Evidence was introduced on behalf of the appellants that the purchases by them were bona fide transactions, that the steel so purchased was resold by them to the Solomons before they paid for it, and that the money transferred to them by the Solomons before they paid for their purchases were advance payments by the Solomons to the veterans on account of the resale of the steel and not payments by the Solomons to the Government.
The question presented by the evidence was whether the veteran involved in each transaction under consideration conspired with the Solomons to engage in a fraudulent scheme or device for the purpose of enabling the Solomons to obtain surplus steel from the Government on a priority basis, when as a matter of law under the Surplus Property Act they, being non-veterans, were not entitled to such a priority basis.
Appellants' first contention is that the evidence was not sufficient to take the case to the jury on this issue and that the Court erred in not sustaining the motions for directed verdicts in favor of each of the defendants, instead of in favor of only Terry and Marth.
Although the Government's evidence was contradicted in some respects, it is well settled that upon a motion of a defendant for a directed verdict, the trial judge should overrule the motion unless, viewing the evidence in the light most favorable to the plaintiff, there would be no substantial evidence to support a jury verdict if returned for him. Hinton v. Dixie Ohio Exp. Co., 6 Cir., 188 F.2d 121, 124; Scott v. United States, 6 Cir., 161 F.2d 1009, 1012.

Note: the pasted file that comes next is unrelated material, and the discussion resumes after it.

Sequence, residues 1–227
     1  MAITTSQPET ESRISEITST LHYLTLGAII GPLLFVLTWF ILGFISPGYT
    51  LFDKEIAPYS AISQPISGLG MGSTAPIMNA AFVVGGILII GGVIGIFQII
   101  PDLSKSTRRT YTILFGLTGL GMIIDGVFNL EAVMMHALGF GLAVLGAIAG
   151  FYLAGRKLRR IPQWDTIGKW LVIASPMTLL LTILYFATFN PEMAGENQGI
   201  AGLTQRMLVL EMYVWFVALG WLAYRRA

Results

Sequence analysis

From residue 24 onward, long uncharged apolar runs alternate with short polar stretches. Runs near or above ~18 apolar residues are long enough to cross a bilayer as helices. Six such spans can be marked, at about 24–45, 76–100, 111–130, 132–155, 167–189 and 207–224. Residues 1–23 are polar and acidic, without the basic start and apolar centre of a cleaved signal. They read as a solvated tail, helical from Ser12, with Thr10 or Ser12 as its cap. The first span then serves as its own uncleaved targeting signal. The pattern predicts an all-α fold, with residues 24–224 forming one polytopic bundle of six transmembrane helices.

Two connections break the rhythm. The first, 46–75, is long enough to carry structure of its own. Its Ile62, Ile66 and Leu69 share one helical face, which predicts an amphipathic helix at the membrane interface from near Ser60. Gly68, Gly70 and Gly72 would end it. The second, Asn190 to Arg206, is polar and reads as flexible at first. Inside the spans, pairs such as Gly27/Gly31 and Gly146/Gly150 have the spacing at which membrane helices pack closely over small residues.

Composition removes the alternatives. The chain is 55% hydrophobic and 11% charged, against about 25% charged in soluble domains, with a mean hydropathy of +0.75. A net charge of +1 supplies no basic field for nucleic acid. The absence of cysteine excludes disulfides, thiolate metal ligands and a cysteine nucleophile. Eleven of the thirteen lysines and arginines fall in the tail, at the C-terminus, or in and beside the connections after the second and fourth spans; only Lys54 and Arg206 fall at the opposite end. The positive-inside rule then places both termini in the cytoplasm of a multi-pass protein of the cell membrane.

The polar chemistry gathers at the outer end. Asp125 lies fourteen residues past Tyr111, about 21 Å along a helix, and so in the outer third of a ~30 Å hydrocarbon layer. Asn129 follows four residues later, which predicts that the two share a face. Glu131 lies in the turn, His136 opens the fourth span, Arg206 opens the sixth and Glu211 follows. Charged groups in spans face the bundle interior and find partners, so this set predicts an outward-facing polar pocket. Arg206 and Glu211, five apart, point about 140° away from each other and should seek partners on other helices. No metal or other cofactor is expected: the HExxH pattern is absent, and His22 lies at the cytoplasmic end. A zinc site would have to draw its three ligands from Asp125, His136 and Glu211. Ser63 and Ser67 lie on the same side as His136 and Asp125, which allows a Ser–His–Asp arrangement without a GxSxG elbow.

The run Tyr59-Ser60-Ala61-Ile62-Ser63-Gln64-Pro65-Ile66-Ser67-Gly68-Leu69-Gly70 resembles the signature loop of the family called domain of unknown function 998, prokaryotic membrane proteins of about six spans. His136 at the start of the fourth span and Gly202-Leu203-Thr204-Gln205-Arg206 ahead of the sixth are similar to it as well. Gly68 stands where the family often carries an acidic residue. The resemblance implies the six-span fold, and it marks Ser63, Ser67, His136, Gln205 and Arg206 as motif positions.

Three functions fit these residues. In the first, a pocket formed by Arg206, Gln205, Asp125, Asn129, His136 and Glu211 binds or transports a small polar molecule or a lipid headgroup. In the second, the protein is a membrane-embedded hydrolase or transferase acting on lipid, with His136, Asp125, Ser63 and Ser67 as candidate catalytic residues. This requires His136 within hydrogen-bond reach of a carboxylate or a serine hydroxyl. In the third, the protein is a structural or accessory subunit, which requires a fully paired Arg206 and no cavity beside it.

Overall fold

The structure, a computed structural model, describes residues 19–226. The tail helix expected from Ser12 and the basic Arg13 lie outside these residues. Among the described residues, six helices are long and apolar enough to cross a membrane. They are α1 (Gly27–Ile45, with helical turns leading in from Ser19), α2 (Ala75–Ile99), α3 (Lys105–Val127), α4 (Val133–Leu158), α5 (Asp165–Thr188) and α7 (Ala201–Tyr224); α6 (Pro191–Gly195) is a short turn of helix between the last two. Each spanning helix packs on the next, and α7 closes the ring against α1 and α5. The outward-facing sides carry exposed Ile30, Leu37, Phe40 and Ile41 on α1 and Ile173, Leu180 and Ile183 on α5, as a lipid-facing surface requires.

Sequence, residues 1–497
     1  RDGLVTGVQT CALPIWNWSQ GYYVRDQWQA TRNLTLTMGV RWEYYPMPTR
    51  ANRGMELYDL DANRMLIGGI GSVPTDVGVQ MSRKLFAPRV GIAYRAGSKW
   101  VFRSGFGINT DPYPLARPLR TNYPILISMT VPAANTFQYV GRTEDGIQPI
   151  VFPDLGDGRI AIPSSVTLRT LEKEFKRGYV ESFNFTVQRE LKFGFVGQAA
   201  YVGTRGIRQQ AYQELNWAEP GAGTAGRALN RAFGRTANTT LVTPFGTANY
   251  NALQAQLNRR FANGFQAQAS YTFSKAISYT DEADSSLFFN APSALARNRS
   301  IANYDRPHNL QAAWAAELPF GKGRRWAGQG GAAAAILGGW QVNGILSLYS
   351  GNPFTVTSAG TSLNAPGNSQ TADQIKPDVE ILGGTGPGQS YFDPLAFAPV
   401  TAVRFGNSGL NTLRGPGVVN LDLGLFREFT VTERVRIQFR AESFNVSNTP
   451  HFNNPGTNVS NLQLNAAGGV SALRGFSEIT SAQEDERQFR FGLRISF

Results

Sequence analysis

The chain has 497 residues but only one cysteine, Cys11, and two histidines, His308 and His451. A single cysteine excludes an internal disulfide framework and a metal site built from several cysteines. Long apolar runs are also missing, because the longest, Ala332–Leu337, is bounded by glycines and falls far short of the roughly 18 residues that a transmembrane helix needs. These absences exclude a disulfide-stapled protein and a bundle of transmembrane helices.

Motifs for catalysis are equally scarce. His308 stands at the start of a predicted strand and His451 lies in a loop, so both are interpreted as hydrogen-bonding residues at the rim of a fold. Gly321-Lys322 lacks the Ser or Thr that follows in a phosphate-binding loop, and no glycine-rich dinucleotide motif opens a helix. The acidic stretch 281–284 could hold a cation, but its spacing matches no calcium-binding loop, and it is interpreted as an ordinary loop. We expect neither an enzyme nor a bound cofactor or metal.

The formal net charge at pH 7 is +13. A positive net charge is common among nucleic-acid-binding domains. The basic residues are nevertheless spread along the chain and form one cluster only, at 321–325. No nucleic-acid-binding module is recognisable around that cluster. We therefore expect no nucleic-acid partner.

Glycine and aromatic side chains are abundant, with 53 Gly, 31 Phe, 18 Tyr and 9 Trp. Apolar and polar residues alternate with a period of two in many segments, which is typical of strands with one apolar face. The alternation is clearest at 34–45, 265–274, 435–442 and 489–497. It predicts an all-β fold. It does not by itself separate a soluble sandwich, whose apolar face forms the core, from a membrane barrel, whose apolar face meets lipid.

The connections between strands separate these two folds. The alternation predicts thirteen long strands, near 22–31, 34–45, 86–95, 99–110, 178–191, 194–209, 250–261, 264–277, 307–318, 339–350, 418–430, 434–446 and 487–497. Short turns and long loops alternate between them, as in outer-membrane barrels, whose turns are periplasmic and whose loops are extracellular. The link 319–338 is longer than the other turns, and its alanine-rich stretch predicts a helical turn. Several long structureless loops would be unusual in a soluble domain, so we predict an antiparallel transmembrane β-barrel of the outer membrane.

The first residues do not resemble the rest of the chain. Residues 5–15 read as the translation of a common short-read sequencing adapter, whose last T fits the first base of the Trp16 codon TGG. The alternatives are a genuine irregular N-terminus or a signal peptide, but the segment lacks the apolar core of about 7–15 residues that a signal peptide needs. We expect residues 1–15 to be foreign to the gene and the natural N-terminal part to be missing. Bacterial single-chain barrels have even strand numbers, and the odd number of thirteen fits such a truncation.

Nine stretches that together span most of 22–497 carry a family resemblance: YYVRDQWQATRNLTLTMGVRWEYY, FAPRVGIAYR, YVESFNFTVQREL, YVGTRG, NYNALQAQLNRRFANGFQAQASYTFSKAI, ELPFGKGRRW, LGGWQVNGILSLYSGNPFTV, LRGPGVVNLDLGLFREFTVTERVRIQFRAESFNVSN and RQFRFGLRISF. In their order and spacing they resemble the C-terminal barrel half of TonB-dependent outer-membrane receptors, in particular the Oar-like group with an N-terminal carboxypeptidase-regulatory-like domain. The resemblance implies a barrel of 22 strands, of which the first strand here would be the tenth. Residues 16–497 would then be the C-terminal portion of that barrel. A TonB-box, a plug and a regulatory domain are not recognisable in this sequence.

Applying the rule to the evidence in the present case, we are of the opinion the District Judge properly overruled appellants' motions for directed verdicts.
Various other questions have also been raised by the appellants, which will be considered in turn.
The complaint, which was filed May 7, 1954, alleges that the appellants committed the acts complained of in March and April, 1946. Appellants contend that the action was barred by Section 2462, Title 28 U.S.C., which provides that an action 'for the enforcement of any civil fine, penalty, or forfeiture, pecuniary or otherwise, shall not be entertained unless commenced within five years from the date when the claim first accrued.' The action was not brought until more than eight years after the alleged cause of action accrued. In United States v. Witherspoon, 6 Cir., 211 F.2d 858, this Court held that an action under Section 26(b)(1) of the Surplus Property Act of 1944 was an action for penalties to which Section 2462, Title 28 U.S.C., was applicable. However, the Supreme Court in Rex Trailer Co. v. United States, 350 U.S. 148, 76 S.Ct. 219, 100 L.Ed. 149, later ruled that such an action was a civil remedy in the nature of liquidated damages and was not a criminal penalty. Based upon this ruling, the Court of Appeals for the Third Circuit and the Supreme Court held in United States v. Doman, 3 Cir., 255 F.2d 865, affirmed sub nom. Koller v. United States, 359 U.S. 309, 79 S.Ct. 755, 3 L.Ed.2d 828, that a suit for damages under Section 26(b)(1) of the Surplus Property Act of 1944, was not a suit to enforce a fine or penalty and therefore was not subject to the five-year limitation of Section 2462, Title 28 U.S.C. See also: United States v. Weaver, 5 Cir., 207 F.2d 796, 798.